## Summary

To extract unique values from non-adjacent columns in a set of data, you can use the UNIQUE function, with help from the FILTER function to remove unwanted columns.  In the example shown, the formula in G5 is:

=SORT(UNIQUE(FILTER(data,{1,0,1})))

where data is the named range B5:D15. The result is a list of unique pairs of color and region, sorted by color.

## Generic formula

=SORT(UNIQUE(FILTER(data,arrayconstant)))

## Explanation

Although FILTER is commonly used to filter rows, you can also filter columns. The trick is to use an include argument that operates on columns instead of rows. In this example, we use a hard-coded array constant to filter out unwanted columns, but you can also use a logical expression that returns the same kind of array in a dynamic way. Note: the named range data is used for convenience only; a regular range reference will also work fine.

Working from the inside out, the FILTER function is used to filter out the middle column, "Qty", like this:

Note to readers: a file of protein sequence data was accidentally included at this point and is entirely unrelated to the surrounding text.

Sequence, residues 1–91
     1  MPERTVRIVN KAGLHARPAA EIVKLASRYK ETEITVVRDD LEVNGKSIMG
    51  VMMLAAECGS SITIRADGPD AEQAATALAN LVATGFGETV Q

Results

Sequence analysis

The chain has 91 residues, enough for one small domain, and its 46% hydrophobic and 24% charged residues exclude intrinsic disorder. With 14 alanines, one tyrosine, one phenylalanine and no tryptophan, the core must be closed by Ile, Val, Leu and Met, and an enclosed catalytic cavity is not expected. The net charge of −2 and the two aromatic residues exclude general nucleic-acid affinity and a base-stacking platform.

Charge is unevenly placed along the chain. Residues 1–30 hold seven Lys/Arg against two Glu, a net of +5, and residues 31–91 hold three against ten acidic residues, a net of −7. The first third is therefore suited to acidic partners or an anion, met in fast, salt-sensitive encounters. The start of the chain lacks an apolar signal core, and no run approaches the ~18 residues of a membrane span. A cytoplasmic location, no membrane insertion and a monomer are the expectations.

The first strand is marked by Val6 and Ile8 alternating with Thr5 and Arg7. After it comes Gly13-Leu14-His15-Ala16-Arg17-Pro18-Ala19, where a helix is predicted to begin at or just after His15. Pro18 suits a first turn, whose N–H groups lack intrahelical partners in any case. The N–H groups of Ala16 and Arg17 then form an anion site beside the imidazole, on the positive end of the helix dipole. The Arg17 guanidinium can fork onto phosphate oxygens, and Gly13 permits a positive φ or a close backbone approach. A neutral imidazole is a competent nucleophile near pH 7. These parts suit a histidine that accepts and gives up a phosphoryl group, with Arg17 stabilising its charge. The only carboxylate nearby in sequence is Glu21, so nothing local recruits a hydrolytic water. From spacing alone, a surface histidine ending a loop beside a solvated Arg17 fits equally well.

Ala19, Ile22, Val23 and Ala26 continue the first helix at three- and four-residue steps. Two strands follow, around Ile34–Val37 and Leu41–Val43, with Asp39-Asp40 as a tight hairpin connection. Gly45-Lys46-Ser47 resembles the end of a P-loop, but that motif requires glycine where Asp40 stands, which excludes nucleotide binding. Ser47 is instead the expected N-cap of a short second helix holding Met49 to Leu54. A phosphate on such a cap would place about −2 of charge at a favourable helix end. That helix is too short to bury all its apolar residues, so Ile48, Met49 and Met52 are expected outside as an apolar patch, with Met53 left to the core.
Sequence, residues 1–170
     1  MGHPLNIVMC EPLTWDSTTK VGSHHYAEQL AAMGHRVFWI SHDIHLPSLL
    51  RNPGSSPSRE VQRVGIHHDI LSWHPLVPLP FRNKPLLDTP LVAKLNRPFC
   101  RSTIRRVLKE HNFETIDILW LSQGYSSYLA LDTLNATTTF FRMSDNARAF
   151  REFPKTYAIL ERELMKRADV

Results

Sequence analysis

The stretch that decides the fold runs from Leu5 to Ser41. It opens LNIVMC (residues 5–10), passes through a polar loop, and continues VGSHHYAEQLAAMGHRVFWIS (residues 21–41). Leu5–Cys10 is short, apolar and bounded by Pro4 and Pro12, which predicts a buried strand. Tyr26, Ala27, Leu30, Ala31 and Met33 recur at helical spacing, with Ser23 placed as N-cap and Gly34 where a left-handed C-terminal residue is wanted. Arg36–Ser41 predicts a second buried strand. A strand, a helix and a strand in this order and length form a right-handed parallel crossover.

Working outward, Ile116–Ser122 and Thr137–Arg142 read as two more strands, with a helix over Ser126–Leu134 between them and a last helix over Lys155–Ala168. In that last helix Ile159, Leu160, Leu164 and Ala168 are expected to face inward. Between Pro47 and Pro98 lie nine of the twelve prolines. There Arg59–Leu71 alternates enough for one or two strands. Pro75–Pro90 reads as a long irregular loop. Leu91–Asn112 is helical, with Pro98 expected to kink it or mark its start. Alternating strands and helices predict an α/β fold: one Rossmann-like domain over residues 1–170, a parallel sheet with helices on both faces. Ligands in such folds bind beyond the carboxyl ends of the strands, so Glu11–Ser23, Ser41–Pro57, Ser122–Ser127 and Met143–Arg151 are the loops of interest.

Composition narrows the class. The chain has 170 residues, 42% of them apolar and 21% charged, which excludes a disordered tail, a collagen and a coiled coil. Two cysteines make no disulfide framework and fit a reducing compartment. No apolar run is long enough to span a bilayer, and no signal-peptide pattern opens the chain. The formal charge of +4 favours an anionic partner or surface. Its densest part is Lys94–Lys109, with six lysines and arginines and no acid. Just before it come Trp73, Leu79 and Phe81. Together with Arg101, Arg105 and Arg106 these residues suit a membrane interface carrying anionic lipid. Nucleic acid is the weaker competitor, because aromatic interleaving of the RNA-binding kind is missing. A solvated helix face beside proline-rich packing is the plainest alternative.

FILTER(data,{1,0,1}) // remove middle column

The array constant {1,0,1} is what does the actual filtering, and notice this is a horizontal array, separated by commas. The result from FILTER is a two-dimensional array with 2 columns and 11 rows like this:

{"Red","East";
"Blue","South";
"Green","North";
"Red","North";
"Blue","East";
"Green","North";
"Red","North";
"Blue","South";
"Green","North";
"Red","North";
"Blue","East"}

Notice data in the "Qty" column has been removed. This array is delivered to the UNIQUE function, which can automatically extract unique values from data with adjacent columns. The UNIQUE function returns a smaller two-dimensional array with 2 columns and 5 rows like this:

{"Red","East";
"Blue","South";
"Green","North";
"Red","North";
"Blue","East"}

Notice this array contains only the unique combinations of Color and Region. This smaller array is then handed off to the SORT function, which returns the same data, sorted by Color, as seen in the example. The SORT function is optional and can be removed.

This is a nice example of nesting one function inside another. When you see a formula created this way, learn to read from the inside out. The inner functions deliver values to the outer functions. The outermost function returns the final result.

Author

### Dave Bruns

Hi - I'm Dave Bruns, and I run Exceljet with my wife, Lisa. Our goal is to help you work faster in Excel. We create short videos, and clear examples of formulas, functions, pivot tables, conditional formatting, and charts.